Anxious gorillas, thirsty koalas and lame cows – how climate change is making animals miserable

Gorillas

(Jonathan Cooper, Unsplash)

This article is brought to you thanks to the collaboration of The European Sting with the World Economic Forum.

Author: Briony Harris, Senior Writer, Formative Content


From wildfires in California to devastating floods in South Asia, we all know the effects of climate change on human habitats: precious belongings swept away; lungs scorched from smoke inhalation; lives to piece back together.

But what about the fallout for animals? Research shows that rising temperatures and increased humidity are leading to high levels of stress and other health problems for both wildlife and livestock. Like us, animals are often forced to flee their homes during extreme weather events. Unlike us, they may not be able to adapt to new habitats without intervention.

1. Endangered mountain gorillas are getting anxious

A mountain gorilla sits in the forest on the slopes of Mount Mikeno in the Virunga National Park, Eastern DRC December 12, 2008. REUTERS/Peter Andrews (DEMOCRATIC REPUBLIC OF CONGO) - GM1E4CD0A2L01

These gorillas are threatened by rising temperatures as well as hunters and war
Image: Reuters/Peter Andrews

Virunga gorillas – a fragile population living in cloud-topped mountains in Africa’s Great Lakes region – already face threats from human activity like hunting and war. Now, climate change could be putting them at even greater risk, according to a new study published in the Ecology and Evolution scientific journal.

Over two years, researchers collected fecal samples from 115 Virunga gorillas. They found that the animals’ stress levels were raised during periods of high temperatures and heavy rainfall – both signs of global warming. “Mountain gorillas might be more sensitive to warming trends than previous research has suggested, since their small habitat restricts their ability to seek out colder temperatures,” the authors of the study report. The long-term impact from this level of stress could be falling fertility levels for these endangered creatures.

With temperatures in the region expected to rise by up to 3.6 degrees by 2090, and more extreme rainfall expected, the gorillas’ survival may depend on humans adopting flexible conservation strategies.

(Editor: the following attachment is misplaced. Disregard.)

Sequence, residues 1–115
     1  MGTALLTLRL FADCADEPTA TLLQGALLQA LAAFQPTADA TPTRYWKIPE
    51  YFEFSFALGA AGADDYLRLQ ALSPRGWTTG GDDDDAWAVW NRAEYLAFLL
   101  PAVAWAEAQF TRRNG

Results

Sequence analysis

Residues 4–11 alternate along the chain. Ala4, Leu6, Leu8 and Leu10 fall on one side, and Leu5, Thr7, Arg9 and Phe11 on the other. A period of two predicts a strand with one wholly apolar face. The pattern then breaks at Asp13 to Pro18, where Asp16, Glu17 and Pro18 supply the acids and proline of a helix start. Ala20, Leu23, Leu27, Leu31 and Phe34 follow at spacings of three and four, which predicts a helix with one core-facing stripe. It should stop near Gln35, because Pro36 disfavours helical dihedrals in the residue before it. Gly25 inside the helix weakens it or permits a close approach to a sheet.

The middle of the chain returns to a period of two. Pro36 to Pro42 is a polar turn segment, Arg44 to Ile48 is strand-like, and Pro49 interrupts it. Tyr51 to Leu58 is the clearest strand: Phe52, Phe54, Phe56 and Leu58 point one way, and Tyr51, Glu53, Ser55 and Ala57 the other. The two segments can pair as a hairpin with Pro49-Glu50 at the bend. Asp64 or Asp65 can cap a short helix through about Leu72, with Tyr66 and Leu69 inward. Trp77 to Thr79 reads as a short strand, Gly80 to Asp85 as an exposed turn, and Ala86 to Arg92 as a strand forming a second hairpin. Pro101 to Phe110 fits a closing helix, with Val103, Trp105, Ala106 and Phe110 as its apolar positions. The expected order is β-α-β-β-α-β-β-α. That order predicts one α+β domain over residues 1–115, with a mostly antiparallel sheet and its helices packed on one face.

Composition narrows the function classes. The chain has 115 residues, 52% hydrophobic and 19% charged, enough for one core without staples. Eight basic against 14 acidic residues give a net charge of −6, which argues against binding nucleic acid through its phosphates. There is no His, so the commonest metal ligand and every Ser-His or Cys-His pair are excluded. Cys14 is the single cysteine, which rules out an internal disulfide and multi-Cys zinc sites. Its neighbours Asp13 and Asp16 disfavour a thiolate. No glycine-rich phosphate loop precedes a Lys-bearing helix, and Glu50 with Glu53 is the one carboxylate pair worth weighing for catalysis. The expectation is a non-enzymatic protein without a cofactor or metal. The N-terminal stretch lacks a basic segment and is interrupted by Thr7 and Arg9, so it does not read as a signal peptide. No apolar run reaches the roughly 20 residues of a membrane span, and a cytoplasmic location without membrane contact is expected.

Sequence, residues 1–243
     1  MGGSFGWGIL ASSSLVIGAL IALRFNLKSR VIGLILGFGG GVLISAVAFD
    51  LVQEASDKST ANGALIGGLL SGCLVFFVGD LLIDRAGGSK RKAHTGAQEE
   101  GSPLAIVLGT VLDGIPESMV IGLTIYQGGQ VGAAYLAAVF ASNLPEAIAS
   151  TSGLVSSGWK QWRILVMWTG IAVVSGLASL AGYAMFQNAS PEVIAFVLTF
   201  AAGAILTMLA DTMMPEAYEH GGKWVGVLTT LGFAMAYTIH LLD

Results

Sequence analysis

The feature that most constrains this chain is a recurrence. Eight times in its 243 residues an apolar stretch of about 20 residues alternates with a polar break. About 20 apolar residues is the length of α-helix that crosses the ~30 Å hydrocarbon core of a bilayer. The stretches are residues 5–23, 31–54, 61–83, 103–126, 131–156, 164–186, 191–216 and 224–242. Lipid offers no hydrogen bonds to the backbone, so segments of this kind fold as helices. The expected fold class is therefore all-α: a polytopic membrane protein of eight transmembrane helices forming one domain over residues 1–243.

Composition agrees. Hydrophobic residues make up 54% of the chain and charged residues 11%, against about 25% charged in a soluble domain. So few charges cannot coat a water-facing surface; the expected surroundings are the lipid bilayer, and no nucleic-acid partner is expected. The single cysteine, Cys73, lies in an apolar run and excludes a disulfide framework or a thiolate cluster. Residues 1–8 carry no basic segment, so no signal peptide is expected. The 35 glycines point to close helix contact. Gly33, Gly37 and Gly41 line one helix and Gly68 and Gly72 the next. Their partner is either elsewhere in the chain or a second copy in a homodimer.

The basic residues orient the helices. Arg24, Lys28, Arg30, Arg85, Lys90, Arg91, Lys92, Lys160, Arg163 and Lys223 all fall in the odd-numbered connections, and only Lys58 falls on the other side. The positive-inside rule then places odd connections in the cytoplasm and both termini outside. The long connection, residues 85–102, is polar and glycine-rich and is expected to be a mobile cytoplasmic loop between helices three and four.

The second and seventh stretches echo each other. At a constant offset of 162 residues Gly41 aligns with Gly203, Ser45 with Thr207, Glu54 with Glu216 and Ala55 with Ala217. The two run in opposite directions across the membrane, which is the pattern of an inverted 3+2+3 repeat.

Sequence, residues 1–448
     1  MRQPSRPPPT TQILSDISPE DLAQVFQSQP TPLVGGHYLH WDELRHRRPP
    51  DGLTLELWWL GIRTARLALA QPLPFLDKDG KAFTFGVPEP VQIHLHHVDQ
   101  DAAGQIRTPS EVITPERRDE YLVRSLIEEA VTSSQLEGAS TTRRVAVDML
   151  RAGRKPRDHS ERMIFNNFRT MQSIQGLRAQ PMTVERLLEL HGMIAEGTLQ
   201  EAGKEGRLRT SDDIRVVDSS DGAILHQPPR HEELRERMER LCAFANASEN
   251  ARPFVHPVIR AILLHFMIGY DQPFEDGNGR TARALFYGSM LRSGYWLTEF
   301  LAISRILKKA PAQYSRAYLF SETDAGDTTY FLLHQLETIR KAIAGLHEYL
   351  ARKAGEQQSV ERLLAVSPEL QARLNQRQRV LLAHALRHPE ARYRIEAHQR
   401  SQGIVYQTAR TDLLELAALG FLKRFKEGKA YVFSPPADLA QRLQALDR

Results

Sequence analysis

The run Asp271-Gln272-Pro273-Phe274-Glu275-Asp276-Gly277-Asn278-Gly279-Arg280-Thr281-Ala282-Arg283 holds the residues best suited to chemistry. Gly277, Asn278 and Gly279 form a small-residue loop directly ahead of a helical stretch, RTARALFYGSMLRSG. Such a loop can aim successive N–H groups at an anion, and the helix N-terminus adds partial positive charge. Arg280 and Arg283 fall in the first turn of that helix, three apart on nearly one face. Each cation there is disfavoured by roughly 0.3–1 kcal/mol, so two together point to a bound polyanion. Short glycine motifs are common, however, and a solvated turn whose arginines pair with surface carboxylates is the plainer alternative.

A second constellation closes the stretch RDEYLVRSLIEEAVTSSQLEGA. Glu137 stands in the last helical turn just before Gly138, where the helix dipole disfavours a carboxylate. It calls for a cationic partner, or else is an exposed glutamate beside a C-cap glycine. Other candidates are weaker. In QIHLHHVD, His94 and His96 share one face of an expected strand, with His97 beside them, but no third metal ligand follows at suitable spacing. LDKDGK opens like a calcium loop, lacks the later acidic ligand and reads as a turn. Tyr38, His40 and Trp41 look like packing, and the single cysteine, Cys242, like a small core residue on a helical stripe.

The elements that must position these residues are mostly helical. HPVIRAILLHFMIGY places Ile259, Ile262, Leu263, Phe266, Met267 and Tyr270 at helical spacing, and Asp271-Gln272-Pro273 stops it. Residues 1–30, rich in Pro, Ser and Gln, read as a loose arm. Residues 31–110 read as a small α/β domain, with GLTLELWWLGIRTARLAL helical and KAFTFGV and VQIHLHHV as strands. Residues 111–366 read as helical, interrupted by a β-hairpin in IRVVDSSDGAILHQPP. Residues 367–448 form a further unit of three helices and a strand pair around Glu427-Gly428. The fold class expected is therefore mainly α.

2. Too hot to stand: why heat stress is contributing to lameness in cows

Extreme heat caused by climate change is changing the eating habits of cattle – sometimes affecting their health so much that they could become lame within just a few weeks.

When it’s extra-hot outside, heat-stressed animals lose interest in their food. They make up for it later by eating too much once temperatures cool. This can lead to a digestive disorder called acidosis, which is sometimes called “grain overload”. The heat can also lead to heavy breathing; which means that cows don’t have enough carbon dioxide or bicarbonate. This can lead to them getting ulcers or fungal infections in their hooves, and ultimately lameness within weeks.

Heat stress can interfere with metabolism and lead to a poor immune system, disease, and even death. The only way to prevent this is with good heat management, like using fans and sprinklers to keep cattle cool – something that will be harder to keep up if temperatures continue to rise.

How high temperatures can make animals sick.

How high temperatures can make animals sick.
Image: Animal Frontiers

3. Climate change is making koalas thirstier

Australia’s much-loved koalas are also suffering from rising temperatures, according to the Koala Habitat Conservation Plan produced by WWF-Australia. “Climate change is making Australia’s normally challenging weather for koalas more extreme by exacerbating droughts, heat stress and bushfires. This kills koalas, whether directly, such as by overheating and dehydration, or indirectly by degrading the eucalypt forests they live in. Leaf-eating animals are susceptible to declines in foliage quality, nutrient levels and water availability,” the report explains.

Water stations are a welcome sight for thirsty koalas in Australia.

Water stations are a welcome sight for thirsty koalas in Australia.
Image: University of Sydney

Long dry spells have made it harder for koalas to get enough water through their normal source – juicy eucalyptus leaves. A study from the University of Sydney tried giving koalas access to free drinking water sources. Cameras showed koalas drinking from the water stations 400 times in a year.

The research led to the Government of New South Wales installing water stationsfor koalas to help get them through heatwaves and droughts. Known as “Blinky Drinkers”, the stations are monitored by cameras as part of the region’s Save Our Species program: proof that, with a little help from their human friends, animals can weather the worst effects of global warming.

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